[2] G. Di Crescenzo, B. Coan, J. Schultz, S. Tsang, and R. N. Wright, “Privacy-preserving publish/subscribe: Efficient protocols in a distributed model,” in Data Privacy Management and Autonomous Spontaneous Security, J. Garcia-Alfaro, G. Lioudakis, N. Cuppens-Boulahia, S. Foley, and W. M. Fitzgerald, Eds. Berlin, Heidelberg: Springer Berlin Heidelberg, 2014, pp. 114–132.

[3] S. Kraijak and P. Tuwanut, “A survey on internet of things architecture, protocols, possible applications, security, privacy, real-world implementation and future trends,” in 2015 IEEE 16th International Conference on Communication Technology (ICCT), Oct. 2015, pp. 26–31.

[4] P. Fremantle and B. Aziz, “Oauthing: Privacy-enhancing federation for the internet of things,” in 2016 Cloudification of the Internet of Things (CIoT), Nov. 2016, pp. 1–6.

[5] S. Shin, K. Kobara, C.-C. Chuang, and W. Huang, “A security framework for mqtt,” in 2016 IEEE Conference on Communications and Network Security (CNS), Oct. 2016, pp. 432–436.

[6] R. G. Hollands, “Will the real smart city please stand up?” City, Vol. 12, No. 3, pp. 303–320, Dec. 2008.

[7] A. Cocchia, “Smart and Digital City: A Systematic Literature Review,” in Smart City: How to Create Public and Economic Value with High Technology in Urban Space: Springer International Publishing, 2014, pp. 13–43.

[8] Y. Gilad, R. Hemo, S. Micali, G. Vlachos, and N. Zeldovich, “Algorand: Scaling Byzantine Agreements for Cryptocurrencies,” in Proceedings of the 26th Symposium on Operating Systems Principles, New York, NY, USA, 2017, pp. 51–68.

 


 

Sayed Jahed HussiniSayed Jahed Hussini is a Ph.D. student at the Computer Science Department of Western Michigan University since 2014. He received his M.S. degree in Computer Science from the Technical University of Berlin in 2010. Prior to that, he received his B.S. degree from the Chemical Engineering Department at Balkh University.

 

 

 

Ala Al-FuqahaAla Al-Fuqaha (S’00-M’04-SM’09) received Ph.D. degree in Computer Engineering and Networking from the University of Missouri-Kansas City, Kansas City, MO, USA, in 2004. His research interests include the use of machine learning in general and deep learning in particular in support of the data-driven and self-driven management of large-scale deployments of IoT and smart city infrastructure and services, Wireless Vehicular Networks (VANETs), cooperation and spectrum access etiquette in cognitive radio networks, and management and planning of software defined networks (SDN). He is a senior member of the IEEE and an ABET Program Evaluator (PEV). He serves on editorial boards and technical program committees of multiple international journals and conferences.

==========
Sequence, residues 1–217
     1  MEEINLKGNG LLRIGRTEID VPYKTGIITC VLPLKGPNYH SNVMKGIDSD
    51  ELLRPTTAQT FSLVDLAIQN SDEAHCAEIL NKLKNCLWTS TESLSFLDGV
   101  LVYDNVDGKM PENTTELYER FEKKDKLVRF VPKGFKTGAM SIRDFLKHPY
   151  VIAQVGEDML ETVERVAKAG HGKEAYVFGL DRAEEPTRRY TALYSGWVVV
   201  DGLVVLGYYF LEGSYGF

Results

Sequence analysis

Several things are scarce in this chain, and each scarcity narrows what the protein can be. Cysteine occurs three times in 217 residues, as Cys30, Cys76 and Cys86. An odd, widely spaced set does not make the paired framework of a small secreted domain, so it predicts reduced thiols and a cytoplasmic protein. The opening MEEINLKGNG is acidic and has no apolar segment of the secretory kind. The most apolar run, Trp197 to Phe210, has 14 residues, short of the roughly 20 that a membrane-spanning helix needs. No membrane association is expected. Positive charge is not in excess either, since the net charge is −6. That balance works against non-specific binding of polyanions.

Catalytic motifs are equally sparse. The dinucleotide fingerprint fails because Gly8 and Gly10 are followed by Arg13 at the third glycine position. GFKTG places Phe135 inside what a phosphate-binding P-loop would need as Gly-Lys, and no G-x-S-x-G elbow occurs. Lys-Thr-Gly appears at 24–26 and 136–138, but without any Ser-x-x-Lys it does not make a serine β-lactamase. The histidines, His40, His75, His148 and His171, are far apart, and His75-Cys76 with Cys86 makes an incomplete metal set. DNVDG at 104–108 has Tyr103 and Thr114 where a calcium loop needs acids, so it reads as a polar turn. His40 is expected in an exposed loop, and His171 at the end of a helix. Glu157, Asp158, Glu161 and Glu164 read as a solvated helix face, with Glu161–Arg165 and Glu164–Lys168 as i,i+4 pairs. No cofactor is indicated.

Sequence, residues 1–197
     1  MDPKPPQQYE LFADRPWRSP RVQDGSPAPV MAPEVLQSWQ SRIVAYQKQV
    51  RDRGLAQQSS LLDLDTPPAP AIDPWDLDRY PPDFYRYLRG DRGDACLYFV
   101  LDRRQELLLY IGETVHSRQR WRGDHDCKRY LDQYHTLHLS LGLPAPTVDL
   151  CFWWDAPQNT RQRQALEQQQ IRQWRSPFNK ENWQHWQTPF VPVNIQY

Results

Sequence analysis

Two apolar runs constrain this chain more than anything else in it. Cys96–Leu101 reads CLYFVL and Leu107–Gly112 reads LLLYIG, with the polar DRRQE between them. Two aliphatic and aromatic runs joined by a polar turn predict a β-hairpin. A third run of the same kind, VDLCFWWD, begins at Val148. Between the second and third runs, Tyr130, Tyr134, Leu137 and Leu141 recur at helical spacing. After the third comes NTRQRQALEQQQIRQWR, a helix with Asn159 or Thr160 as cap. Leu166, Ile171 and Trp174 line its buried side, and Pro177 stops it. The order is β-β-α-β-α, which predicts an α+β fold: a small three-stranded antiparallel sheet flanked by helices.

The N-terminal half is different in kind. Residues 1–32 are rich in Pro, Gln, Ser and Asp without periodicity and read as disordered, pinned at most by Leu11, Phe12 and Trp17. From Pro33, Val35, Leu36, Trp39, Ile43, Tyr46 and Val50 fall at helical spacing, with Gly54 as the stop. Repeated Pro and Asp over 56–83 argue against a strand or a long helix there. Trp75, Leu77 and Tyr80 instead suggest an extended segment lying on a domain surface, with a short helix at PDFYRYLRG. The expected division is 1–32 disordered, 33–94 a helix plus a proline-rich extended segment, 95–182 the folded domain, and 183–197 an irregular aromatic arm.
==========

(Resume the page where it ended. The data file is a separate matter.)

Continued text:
Editor:

Zheng YanZheng Yan is currently a full professor at the Xidian University, China and a visiting professor and Finnish academy research fellow at the Aalto University, Finland. She received the Doctor of Science in Technology from the Helsinki University of Technology, Finland. She authored and co-authored about 200 peer-reviewed articles, 8 conference proceedings and solely authored two books. She is an inventor of 60+ granted patents and PCT patents, all of them were adopted or purchased by industry. Some of her granted patents are applied in international standards. She has given 20 keynotes and invited talks in international conferences and universities. Her research interests are in trust, security and privacy; data mining; mobile applications and services; social networking and cloud computing. Prof. Yan serves as an organizational and technical committee member for more than 80 international conferences and workshops. She is an associate editor of IEEE IoT Journal, Information Fusion, Information Sciences, IEEE Access, JNCA, Soft Computing, IEEE Blockchain Technical Briefs, Security and Communication Networks, etc. and a special issue leading guest editor of ACM TOMM, Future Generation Computer Systems, Computers & Security, IJCS, MONET, IEEE Systems Journal, etc. She is a founder steering committee co-chair of IEEE Blockchain conference. She is organizing and has organized 10+ conferences, such as IEEE Blockchain 2018, NSS/ICA3PP/IEEE CIT2017, IEEE TrustCom/BigDataSE/ISPA-2015, IEEE CIT2014, etc. Her recent awards include a number of Outstanding Leadership Awards for the IEEE conference organization; the 2017 IEEE ComSoc TCBD Best Journal Paper Award; Outstanding Associate Editor of 2017 for IEEE Access; EU Eureka Excellence Award (2017); Best Individual of Shaanxi Province from Abroad (2014), “100 Expert Plan” winner of Shaanxi Province, China (2011); Sisu Award of Nokia Research Center (2010); EU ITEA Bronze Achievement Award (2008). She is a senior member of IEEE.